Tell me this, dont you need to add a speaker above your head or under your legs? Otherwise we'r still in the 2nd dimension. Even though there may be some vertical disparity between the levels of speakers they are all still perpendicular to the same plane. Whats going on?




RE: Never understood the whole 3D thing
By jay75 on 1/23/2007 1:37:58 AM , Rating: 2
Not too many sounds come from below or directly above you.

3D sound is supposed to simulate echo's off walls, the doppler effect and distance perception amongst others.

http://en.wikipedia.org/wiki/3D_audio_effect


By daftrok on 1/23/2007 1:52:22 AM , Rating: 2
Planes overhead? Shots from below when you're on a platform? It would be an interesting idea, 9.1 sound.


RE: Never understood the whole 3D thing
By miekedmr on 1/23/2007 11:33:28 AM , Rating: 2
All that is REALLY needed is one transducer per ear that is isolated to each ear (headphones,) and all the positioning can be emulated through phase, timing and proper modeling of reflections.

The difficulty of recreating an acoustic space with normal speakers is that you're doing it inside of an existing acoustic space. If you try to encode positional information into a signal played through a stereo it is very limited because your brain percieves interaction between the sound sources and the real environment. It's basically 1D reproduction, in a horizontal line passing through the sources, although the illusion of depth can be given to some extent.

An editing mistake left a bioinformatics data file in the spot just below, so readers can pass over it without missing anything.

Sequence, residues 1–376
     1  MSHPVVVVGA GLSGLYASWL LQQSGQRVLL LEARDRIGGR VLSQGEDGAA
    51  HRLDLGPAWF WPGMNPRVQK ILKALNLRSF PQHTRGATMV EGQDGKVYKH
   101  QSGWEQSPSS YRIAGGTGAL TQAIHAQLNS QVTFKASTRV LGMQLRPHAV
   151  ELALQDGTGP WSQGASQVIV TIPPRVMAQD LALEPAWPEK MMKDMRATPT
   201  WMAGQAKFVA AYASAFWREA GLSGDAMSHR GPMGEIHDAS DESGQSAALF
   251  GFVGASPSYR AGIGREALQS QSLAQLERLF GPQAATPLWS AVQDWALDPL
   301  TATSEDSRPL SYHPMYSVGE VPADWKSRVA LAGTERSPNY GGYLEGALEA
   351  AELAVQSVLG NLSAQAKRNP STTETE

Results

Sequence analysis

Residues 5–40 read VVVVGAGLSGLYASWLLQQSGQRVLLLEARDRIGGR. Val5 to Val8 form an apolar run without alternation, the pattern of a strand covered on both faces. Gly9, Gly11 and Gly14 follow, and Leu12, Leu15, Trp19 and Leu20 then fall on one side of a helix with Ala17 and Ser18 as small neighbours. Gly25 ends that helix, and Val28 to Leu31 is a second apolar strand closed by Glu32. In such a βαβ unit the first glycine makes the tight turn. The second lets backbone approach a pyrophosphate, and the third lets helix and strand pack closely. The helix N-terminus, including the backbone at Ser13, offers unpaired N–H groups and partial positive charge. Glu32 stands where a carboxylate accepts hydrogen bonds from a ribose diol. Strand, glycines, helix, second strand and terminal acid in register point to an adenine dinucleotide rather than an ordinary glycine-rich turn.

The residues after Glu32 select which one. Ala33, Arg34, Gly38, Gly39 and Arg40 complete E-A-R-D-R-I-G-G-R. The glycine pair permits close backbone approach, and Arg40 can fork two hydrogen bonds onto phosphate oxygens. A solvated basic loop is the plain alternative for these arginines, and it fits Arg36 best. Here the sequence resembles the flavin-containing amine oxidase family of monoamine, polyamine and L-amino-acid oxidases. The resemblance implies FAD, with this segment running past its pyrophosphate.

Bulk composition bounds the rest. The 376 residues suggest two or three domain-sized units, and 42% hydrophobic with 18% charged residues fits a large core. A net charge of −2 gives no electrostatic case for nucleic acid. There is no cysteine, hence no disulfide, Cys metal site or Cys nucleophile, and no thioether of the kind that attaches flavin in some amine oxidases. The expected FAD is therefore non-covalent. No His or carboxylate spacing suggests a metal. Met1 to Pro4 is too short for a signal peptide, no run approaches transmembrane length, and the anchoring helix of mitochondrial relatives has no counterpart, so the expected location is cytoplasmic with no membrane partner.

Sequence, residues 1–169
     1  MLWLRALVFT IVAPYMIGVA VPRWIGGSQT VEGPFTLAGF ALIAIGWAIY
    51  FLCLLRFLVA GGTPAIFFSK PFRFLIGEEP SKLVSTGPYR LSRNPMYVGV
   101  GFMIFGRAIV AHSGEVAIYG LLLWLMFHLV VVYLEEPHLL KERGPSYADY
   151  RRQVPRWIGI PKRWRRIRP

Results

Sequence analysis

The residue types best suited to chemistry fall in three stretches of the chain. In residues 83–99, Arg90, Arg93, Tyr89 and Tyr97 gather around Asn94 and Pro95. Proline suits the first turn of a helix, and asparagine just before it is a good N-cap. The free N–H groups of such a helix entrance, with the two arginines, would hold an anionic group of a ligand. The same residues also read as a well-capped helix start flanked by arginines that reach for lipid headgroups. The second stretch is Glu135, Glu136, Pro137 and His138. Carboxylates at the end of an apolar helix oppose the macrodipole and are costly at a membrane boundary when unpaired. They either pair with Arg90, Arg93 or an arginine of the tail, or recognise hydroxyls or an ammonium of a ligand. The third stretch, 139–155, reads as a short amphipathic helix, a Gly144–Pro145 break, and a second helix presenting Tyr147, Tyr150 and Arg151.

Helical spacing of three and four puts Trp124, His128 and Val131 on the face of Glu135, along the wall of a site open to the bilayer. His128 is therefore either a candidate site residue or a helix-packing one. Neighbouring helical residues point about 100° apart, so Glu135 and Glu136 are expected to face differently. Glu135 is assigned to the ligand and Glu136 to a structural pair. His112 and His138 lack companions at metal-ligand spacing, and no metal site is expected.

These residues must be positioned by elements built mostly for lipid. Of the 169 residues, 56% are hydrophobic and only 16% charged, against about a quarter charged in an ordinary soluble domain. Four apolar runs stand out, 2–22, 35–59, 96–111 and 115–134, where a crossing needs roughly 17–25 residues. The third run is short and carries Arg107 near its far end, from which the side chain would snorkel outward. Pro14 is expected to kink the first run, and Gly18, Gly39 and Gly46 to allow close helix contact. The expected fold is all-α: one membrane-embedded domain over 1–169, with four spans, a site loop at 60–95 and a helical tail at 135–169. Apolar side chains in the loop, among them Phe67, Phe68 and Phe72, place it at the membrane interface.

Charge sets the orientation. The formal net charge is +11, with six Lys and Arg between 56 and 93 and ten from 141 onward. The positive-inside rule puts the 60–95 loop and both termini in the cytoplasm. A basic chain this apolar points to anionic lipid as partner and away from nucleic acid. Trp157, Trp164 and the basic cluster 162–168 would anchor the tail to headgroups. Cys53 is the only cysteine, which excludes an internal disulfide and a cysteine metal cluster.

By placing sound sources all around the room, (5.1, 7.1, whatever) there doesn't need to be so much 'emulation' of the environment, because it takes advantage of the actual environment to provide your brain with positional information.

Like you said, the speakers are all on the same plane though, so any sense of height would be part of the signal and just an illusion. It's really better described as 2D audio. Only A spherical array of sound sources would be able to produce real seamless 3d audio.


By guwd1 on 1/25/2007 7:41:28 AM , Rating: 2
You are correct, but most you seem to forget one very important fact: we have two ears, not 5.1 ears or anything, ALL our preception of positional 3D sound is effectivly an advanced "illusion". Our brain, in all it's facinating complexity and power, uses the stereo sound image information from our ears to try and guess the real 3D sound image. Ever wondered why our ears ain't symetrical for example?

Because of things like the shape of the ear, sounds comming from different directions around us is "distorted" differently. This gives the brain lots of clues to how the 2D stereo image we hear is to be interpreted into 3D (there are probaly lots of other reasons to the shape of ears too that I don't know about).

My point is that theoratically you will never ever need more than two speakers to give a perfect 3D sound image since our body can't percive more than two channels any way. 3D is all in our brain. The trick to it is all about simulating those subtle "distortions" that accur in our ear. But since not all ears are made equal, this isn't very viable though :P. Perfect audio setup imao? Headphones, connected to some REALLY advanced hardware/software for giving those "distortions" (non-existent today though afaik), supplemented with a sub, for that rumbling heavy-bass action :P.